Silence in September: looking back

Today I had an unexpected gift of a free hour in the delightful RCA cafe down at the Battersea campus. A chance to finish my ‘Silence in September Blog Project’.DSC_0510(2)

Looking back over the month, the first ten days of Silence in September was like being on a retreat in daily life. Silence allows a greater personal awareness and an intention to actions. Together this gives ordinary everyday actions, like washing up or walking down the street, a particular quality. I might call it being ‘present to oneself’.

Then, as expected, the family party and weekend guests changed the routines of daily life for over a week. So the third week was an experience of ‘restarting my prayer and meditation life’. The silence was there as an invitation – not as something I had created myself.

Then the move of the Chaplaincy Centre to new premises, followed by the start of term, demanded a complete shift into action and doing mode. There was packing, unpacking, and a long list of practical issues to do with our new building. We were working to get the new Chaplaincy Multi-Faith Centre open to  welcome groups and individuals. At the same time doing all the start of year welcome events.

Amidst all this activity silence returned in a new form. It came from my new colleagues Karuna and Hogetsu. Both follow Buddhist meditation practices. From our different meditation (for me prayer) traditions we have a meeting place in silence. So began the habit of using ten minute silences during our working day. So, for me as a Christian, it feels like the monastic pattern of silence at the start of the day, at lunchtime and at the end of the working day. The daily tasks and irregular working patterns constantly disrupt the pattern – but that is OK, the silence is always there, always an invitation, always a gift. Silence is for life, not just September.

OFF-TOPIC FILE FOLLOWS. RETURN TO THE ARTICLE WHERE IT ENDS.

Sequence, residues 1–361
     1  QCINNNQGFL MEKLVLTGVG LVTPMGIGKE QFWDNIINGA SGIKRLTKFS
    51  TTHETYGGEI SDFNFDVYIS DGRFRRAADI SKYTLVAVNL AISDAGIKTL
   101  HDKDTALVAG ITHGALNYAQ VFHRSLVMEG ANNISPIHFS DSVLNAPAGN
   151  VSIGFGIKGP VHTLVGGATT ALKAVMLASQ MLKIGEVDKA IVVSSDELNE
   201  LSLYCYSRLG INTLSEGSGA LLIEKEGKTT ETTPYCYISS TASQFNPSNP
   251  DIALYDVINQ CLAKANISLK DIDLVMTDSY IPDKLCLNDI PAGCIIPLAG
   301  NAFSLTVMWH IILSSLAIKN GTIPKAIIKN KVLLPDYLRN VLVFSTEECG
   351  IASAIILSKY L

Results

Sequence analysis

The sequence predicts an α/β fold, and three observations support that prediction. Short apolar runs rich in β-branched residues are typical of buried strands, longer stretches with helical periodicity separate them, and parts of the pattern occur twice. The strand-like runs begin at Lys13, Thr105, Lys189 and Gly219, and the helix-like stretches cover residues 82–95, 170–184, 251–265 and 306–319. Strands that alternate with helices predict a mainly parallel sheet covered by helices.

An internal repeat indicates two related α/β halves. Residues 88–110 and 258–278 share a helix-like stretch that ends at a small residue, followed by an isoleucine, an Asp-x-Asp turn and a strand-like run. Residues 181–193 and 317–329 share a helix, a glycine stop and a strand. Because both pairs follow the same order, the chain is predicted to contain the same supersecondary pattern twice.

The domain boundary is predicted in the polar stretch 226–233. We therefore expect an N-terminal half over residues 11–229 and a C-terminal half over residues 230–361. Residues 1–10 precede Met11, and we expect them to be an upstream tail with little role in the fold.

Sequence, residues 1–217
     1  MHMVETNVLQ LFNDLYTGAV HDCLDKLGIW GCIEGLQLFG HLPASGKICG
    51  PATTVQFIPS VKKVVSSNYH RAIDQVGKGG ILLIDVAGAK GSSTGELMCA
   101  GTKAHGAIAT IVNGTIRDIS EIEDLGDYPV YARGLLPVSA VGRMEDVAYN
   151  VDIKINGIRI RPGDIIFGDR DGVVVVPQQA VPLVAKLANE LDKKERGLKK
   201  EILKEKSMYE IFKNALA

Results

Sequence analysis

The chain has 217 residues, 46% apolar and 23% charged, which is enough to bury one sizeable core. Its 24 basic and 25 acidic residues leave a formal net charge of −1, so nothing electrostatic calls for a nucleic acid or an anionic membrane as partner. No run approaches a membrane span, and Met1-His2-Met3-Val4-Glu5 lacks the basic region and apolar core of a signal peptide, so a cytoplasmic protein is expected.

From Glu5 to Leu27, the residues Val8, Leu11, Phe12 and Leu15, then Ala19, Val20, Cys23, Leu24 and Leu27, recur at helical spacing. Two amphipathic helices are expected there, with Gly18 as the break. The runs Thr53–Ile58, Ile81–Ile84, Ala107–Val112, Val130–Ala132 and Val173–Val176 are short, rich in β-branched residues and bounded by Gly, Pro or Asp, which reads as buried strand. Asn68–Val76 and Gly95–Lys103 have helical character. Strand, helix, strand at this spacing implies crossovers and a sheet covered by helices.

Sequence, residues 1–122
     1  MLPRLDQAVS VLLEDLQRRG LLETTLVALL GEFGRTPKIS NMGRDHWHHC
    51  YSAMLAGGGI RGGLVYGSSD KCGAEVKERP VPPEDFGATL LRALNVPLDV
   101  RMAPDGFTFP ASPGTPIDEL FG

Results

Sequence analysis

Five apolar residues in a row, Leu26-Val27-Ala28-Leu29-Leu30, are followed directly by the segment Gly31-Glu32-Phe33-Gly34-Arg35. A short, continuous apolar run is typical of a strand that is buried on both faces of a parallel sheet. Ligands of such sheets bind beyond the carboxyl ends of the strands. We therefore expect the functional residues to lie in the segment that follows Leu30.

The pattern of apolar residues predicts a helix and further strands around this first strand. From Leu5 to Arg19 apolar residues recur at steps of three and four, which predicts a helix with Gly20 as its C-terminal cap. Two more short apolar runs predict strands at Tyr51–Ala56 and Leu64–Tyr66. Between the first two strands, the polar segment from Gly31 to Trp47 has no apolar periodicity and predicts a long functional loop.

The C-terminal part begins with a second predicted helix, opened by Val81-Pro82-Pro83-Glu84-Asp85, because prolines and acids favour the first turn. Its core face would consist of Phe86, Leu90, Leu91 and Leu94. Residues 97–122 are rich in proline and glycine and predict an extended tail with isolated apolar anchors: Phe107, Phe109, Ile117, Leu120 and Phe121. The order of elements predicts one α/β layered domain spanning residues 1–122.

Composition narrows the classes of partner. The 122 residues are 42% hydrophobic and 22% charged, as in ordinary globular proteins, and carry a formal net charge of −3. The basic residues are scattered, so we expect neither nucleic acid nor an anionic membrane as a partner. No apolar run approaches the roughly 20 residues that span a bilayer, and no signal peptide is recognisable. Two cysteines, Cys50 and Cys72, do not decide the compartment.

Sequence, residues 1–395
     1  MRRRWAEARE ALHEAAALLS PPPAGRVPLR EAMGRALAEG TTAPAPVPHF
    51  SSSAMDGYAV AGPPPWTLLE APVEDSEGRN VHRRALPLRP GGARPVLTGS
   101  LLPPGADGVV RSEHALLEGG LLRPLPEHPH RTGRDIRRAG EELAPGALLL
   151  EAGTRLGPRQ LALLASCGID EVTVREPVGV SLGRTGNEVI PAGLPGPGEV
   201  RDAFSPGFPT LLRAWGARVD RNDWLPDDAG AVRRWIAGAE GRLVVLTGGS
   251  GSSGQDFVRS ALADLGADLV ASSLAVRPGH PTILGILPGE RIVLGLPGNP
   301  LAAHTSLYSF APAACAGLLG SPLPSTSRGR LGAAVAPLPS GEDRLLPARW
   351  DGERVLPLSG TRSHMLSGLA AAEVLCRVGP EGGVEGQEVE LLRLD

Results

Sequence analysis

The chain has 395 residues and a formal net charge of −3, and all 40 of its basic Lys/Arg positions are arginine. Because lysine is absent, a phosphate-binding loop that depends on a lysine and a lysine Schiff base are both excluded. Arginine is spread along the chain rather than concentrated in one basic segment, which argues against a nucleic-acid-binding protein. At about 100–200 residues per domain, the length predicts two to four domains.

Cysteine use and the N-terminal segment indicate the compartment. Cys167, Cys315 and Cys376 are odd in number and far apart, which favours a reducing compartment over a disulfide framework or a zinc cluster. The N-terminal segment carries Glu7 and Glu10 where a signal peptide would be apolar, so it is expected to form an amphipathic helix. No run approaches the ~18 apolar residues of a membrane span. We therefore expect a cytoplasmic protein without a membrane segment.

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Christian Spirituality and Mindfullness

For a  year I shared the the weekly silence at the Royal College of Art with Aloka my Buddhist colleague. This was back in 2010-11. Since then I have been struck by the connections and differences between mindfulness and Christian meditation.

From the moment I first encountered mindfulness meditation practice I had a strong sense that  ‘this is familiar, I know this!’

Something similar to Mindfulness to be found in the ‘Centering Prayer’ of  John Main and the ‘World Community for Christian Meditation’Copy of DSCN4275 of Laurence Freeman. Both of these teachers were building on their monastic patterns of prayer. And there is also something in mindfulness of what Christians have called the ‘practice of the presence of God’ or sometimes ‘the practice of the present moment’.

Another connection is around ‘self-acceptance’. In Mindfulness we know that our minds will wander. The leader of the meditation often says that when we realise that our mind has wandered we could ‘simply and gently without any self -judgement return our attention back to observing our  breathing’. This learning of self-acceptance is also part of the Christian tradition of Ignatius and his daily review.